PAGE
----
The Biz: Late-year flicks rev Oscar-ad engines

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For the first time in years, the list of potential Oscar nominees are likely to come from a flurry of late-season movies, fueling a rush of increased marketing dollars.

"It's rare that three or four movies survive the Christmas season," says Russell Schwartz, president-domestic theatrical marketing for AOL Time Warner's New Line Cinema. "It's a healthy season to some extent. There is no clear front-runner so far."

Contenders include "Chicago" from Walt Disney Co.'s Miramax Films; "The Hours" from Viacom's Paramount Pictures; "Lord of the Rings: Two Towers" from New Line Cinema; "The Pianist" from Vivendi Universal's Focus Features; "About Schmidt" from New Line Cinema; "Gangs of New York" from Miramax Films; and "Adaptation" from Sony Pictures Entertainment.

Estimates on marketing dollars aimed at snagging an Oscar vary wildly-from $1 million to $15 million per movie. Major studios use local media-TV, print, radio and business publications-in New York and Los Angeles, where most of the 6,400 Academy members live. This year, it's even more difficult to estimate Oscar marketing dollars because many of the movies are still in release and are simultaneously advertising to consumers.

New York Times Co. reported entertainment-ad revenue at the flagship New York Times rose 21% in the fourth quarter of 2002 over 2001, thanks in part to the Oscar race. Janet Robinson, Times Co. senior VP-newspaper operations, expects the company to have a strong first quarter in entertainment advertising. The 75th Annual Academy Awards will be handed out March 23. With no early favorites, competition is hot, Robinson says. This translates into increased advertising at the Times and similar publications.

Craig Hitchcock, publishing director of Daily Variety, said its print advertising was pacing 10% higher than a year ago, and studio executives report Variety has upped its rates.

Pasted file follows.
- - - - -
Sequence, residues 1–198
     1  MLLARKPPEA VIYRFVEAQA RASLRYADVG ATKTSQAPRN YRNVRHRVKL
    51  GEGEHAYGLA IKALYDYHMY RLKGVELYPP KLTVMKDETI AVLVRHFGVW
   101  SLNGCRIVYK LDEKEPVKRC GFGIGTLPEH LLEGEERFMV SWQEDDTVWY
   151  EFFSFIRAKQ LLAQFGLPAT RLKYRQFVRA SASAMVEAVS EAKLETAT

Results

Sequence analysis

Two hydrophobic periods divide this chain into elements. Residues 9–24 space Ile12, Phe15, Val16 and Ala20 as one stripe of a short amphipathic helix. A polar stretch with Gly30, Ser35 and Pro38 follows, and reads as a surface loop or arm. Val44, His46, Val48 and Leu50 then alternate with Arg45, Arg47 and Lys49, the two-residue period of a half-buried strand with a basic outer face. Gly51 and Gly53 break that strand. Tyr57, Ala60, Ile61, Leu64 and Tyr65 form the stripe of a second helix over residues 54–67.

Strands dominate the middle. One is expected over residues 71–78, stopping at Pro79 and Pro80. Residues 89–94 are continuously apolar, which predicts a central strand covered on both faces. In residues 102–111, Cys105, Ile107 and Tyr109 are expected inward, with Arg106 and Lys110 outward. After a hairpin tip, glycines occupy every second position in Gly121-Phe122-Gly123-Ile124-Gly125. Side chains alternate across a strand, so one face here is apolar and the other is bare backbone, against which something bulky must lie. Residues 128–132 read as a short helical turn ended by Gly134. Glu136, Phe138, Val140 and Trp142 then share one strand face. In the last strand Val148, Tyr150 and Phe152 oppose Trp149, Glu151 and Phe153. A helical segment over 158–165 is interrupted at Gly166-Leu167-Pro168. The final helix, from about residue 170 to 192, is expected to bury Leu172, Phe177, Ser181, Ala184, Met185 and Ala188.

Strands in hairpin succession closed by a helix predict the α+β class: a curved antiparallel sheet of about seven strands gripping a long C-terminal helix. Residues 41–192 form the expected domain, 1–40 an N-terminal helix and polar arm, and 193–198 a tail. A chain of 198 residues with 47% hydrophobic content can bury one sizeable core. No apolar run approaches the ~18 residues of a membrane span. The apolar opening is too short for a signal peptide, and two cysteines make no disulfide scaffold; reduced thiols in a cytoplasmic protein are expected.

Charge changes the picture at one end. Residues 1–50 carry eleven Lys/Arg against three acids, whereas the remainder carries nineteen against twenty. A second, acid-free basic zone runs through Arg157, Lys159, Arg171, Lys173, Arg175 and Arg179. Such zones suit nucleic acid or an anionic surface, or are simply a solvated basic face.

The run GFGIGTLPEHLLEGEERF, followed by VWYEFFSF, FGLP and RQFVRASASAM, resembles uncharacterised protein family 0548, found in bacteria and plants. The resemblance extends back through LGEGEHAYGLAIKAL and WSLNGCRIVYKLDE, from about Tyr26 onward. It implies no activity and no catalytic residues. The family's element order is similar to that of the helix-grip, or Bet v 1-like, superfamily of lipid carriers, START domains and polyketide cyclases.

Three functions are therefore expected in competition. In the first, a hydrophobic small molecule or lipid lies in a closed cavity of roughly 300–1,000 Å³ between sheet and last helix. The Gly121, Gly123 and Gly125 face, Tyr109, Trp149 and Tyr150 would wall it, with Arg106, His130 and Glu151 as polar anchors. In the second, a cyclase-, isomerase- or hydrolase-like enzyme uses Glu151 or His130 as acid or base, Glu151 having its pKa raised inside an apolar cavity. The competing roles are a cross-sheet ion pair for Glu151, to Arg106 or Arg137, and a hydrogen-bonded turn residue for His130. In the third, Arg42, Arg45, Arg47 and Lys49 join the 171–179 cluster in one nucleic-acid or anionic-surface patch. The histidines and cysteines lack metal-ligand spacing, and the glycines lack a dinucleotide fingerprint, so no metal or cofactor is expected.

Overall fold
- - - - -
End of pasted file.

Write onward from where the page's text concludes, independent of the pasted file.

The Oscar race is a complicated marketing and public-relations journey that stretches through the entire awards season-including the Golden Globes and others. Oscar marketing also takes into account an unusual number of screenings at the studios. Some are official Academy screenings in which studios are not allowed to over-hype a movie to Academy members. That means no after parties and no pre-screening introductions or discussions by the actors and directors. But many studios are now staging screenings that are not billed as official Academy events, but most of the guest list consists of Academy members, and the rules banning discussions and parties are ignored.

"Every aspect of the campaign is competitive," says Peter Graves, president of CineMarket, a Los Angeles movie-marketing consultancy. "The positioning of ads in the trades, the parties, the special screenings, and the winning of the critics awards."

word of mouth

For Miramax's "Chicago," favorable reviews and awards already give it a leg up. "It is one of the most extraordinary stories-because we haven't really spent a lot of money at all," says Caryn Picker, VP-broadcast marketing, Miramax. "Though we have done a little campaigning. It's a word-of-mouth film-which is a whole different campaign."

Much of the Oscar marketing effort is focused on the nominations, announced Feb. 11. After that, efforts intensify for the two-and-a-half week period in which Academy members get to work. Movie studios can increase their box-office take during this period from 20% to 50%, according to executives. "The public feels they have to see all five nominated films," Schwartz says.

With the Oscar ceremony moved up to February next year, the competition has already started, according to other marketing executives. Films such as "Seabiscuit" from Universal Pictures, "The Lord of the Rings: The Return of the King" from New Line Cinema and "Cold Mountain" from Miramax are already being pushed in the press as early contenders.

contributing: mercedes cardona

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